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Preserving Kashmir’s Kani Shawl legacy

National Award winners struggle with meagre wages, demand direct market access
12:42 AM Apr 30, 2024 IST | MUKEET AKMALI
preserving kashmir’s kani shawl legacy
Photo: Mubashir Khan/ GK
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In the winding alleys of Srinagar’s old city, the air is thick with the rhythm of looms and the scent of tradition. Mir Arts, a sanctuary of Kani Shawl craftsmanship, stands as a testament to the resilience of Kashmir’s artisans. Run by the Mir family, this workshop is a beacon of hope, where the intricate art of Kani Shawl’s design is fiercely guarded.

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Naseer Ahmad Mir, a national award winner in Kani Shawl design, recalls his journey with a mix of pride and determination. “I started this craft in 1998, under the guidance of my neighbour Noor Muhammad Bhat. He not only taught me the craft but also mentored me on navigating the intricate path towards recognition,” he reminisces. His dedication bore fruit when he clinched the prestigious national award for Kani Shawl making in 2006, bestowed by the Ministry of Textiles.

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Mir Arts is a testament to the collective prowess of the Mir family, with eight national award-winning artisans contributing their expertise to the timeless art of Kani Shawl making. Yet, despite their accolades, the artisans’ fortunes remain modest, with daily wages ranging from a mere 300 to 400 rupees.

Photo: Mubashir Khan/ GK

“Our journey began with just two looms,” Naseer recounts with pride. “But now, we operate fifteen, thanks to the collective efforts of my brothers and cousins.” Indeed, the Mir family’s prowess extends beyond Naseer’s initial triumph, with his brothers too making their mark on the national stage, their designs ranging from intricate Chinar motifs to exquisite Gulzar patterns.

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However, amidst their achievements, the artisans of Mir Arts face the harsh reality of financial struggles. Sajad Ahmad, a joint worker, received the prestigious NMC Award in 2016, while artisan Umar Amin was honoured in 2018, both of them are working at Mir Arst. Yet, these accolades have not translated into financial security, as they continue to toil for meagre wages.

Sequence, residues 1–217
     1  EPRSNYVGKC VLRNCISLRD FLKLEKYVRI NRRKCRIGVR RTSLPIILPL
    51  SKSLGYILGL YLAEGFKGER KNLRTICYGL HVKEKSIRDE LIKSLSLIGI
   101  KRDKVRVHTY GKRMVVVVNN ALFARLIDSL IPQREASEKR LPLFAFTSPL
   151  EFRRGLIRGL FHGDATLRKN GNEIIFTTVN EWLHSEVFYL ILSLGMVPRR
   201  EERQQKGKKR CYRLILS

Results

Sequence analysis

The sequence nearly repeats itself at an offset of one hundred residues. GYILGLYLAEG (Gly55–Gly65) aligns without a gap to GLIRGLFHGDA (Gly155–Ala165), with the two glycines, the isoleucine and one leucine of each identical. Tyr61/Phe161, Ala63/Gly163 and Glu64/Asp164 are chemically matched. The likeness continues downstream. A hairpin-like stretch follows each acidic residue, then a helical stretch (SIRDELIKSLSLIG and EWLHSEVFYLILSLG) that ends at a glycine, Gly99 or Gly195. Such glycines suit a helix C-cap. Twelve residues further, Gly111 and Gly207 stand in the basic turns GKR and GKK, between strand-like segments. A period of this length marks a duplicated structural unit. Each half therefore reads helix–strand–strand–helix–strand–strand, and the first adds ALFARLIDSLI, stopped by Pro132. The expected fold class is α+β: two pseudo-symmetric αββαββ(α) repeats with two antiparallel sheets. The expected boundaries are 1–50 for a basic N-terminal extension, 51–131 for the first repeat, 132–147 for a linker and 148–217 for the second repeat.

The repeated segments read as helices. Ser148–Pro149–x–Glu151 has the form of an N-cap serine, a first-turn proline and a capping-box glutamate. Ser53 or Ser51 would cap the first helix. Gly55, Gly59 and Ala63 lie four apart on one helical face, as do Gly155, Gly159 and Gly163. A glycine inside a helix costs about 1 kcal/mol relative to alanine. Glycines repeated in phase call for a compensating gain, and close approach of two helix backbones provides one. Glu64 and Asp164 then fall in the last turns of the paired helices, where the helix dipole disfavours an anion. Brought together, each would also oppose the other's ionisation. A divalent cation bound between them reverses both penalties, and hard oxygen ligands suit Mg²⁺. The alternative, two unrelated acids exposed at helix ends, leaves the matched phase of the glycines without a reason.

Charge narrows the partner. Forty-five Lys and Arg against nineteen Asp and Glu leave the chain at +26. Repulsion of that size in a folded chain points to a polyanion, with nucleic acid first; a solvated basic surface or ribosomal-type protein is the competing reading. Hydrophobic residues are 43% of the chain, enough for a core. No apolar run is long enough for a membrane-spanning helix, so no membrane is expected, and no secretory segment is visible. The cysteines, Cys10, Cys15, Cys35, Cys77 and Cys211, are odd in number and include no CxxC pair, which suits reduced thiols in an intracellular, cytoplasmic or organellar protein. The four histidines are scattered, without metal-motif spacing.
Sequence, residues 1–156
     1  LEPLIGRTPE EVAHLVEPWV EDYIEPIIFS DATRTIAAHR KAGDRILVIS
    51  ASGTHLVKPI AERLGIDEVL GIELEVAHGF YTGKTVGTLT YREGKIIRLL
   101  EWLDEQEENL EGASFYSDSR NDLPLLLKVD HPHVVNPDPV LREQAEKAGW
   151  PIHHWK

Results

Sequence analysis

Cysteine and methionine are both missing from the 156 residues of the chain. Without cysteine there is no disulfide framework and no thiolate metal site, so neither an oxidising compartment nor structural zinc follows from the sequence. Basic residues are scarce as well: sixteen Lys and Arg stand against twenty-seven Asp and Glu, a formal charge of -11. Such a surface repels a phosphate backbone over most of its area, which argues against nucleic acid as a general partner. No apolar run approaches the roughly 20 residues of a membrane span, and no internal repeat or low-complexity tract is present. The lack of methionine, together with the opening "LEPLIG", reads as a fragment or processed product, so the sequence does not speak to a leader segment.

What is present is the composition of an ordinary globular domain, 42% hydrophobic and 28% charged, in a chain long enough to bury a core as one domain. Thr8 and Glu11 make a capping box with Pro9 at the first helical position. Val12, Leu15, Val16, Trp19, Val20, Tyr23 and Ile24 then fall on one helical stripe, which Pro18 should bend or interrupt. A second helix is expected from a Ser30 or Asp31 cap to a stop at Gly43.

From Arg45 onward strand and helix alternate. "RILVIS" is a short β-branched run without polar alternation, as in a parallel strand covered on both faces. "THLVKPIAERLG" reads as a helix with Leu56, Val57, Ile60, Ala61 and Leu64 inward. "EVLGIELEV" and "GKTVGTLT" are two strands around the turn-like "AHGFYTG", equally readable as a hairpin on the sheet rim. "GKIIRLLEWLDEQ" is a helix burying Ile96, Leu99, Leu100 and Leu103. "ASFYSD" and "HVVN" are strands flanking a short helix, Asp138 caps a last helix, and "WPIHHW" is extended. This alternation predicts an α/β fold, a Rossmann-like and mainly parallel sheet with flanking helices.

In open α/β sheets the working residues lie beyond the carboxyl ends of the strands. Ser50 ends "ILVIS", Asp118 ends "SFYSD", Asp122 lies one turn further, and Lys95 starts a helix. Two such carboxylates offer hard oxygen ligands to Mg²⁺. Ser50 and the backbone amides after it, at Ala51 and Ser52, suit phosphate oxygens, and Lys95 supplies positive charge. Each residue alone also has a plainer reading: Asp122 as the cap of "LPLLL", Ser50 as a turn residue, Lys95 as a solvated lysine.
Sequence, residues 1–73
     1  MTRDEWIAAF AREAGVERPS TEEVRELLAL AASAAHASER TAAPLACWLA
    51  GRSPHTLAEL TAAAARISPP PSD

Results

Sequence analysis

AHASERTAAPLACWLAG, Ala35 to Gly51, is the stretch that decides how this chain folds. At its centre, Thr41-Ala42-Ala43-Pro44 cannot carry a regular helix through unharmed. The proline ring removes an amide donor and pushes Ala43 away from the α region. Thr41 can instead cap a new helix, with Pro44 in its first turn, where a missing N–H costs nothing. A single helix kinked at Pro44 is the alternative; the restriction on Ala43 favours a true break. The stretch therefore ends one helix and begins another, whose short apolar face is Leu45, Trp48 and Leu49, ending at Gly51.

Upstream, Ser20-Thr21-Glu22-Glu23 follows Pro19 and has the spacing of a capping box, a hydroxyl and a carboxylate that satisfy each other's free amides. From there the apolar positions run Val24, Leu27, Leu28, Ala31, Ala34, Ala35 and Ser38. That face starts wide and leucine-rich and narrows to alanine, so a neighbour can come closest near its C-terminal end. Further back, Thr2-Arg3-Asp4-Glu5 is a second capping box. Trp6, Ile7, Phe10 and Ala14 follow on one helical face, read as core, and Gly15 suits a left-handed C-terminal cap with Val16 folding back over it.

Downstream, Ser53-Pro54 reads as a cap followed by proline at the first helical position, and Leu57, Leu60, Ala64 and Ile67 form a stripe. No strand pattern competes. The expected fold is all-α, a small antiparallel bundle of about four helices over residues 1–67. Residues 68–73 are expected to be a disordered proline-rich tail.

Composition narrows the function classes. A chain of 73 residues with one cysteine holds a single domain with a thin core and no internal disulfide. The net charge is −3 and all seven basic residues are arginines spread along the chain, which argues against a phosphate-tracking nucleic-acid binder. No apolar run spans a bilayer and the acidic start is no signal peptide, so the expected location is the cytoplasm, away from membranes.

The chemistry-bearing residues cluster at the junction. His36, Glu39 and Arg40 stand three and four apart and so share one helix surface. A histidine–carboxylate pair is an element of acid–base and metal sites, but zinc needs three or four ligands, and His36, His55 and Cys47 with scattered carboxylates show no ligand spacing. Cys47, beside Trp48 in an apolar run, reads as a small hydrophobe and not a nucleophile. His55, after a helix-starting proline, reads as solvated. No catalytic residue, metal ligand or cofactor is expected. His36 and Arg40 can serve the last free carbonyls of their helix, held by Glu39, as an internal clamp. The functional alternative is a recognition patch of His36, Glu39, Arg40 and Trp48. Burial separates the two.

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“It is my passion, but what I fear is that the younger generation is not ready to learn this craft, mainly due to low wages,” Naseer laments. “Despite putting in tireless efforts, an artisan earns only 300 to 400 rupees a day, and after two years of working, they develop neck and back problems. Middlemen make the merry, selling our hard work at throwaway prices while we get peanuts in the name of wages.”

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Zahoor Ahmad Mir, a Kani shawl artisan working at Mir Arts who won a national award in 2016, echoes Naseer’s sentiments. “The younger generation is not joining this craft because of the low wages. I have a family of five, and despite winning a national award, I find it difficult to feed them because I earn only 300 to 400 rupees a day. Sometimes, when I work for 12 hours straight, I can make 500 rupees, but that means jeopardizing my health.”

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Feroz Ahmad Mir, an artisan and a 22-year veteran of the Kani Shawl craft, shares his frustration. “We are not benefitting, despite our national awards and designs. Market prices are increasing, but we remain underpaid.”

As the looms continue to weave tales of tradition and resilience, the artisans of Mir Arts raise a collective voice, demanding a direct marketplace to sell their craft, free from the exploitation of middlemen. Their plea is a desperate cry for survival, a call to preserve the rich tapestry of Kashmir’s artistic heritage.

“We demand that artisans should be provided with a platform to directly sell their craft, rather than middlemen milking our agony to make their fortunes,” Naseer implores, his words echoing the sentiment of his fellow artisans.

In the face of mounting challenges, the artisans of Mir Arts remain undeterred, their hands and hearts woven into every intricate design. Their story is one of perseverance, sacrifice, and an unwavering commitment to preserving Kashmir’s cultural legacy. As the world watches, the question remains: will their cries for justice and fair wages be heard, or will this ancient craft fade into oblivion, taking with it the threads that bind Kashmir’s rich heritage?

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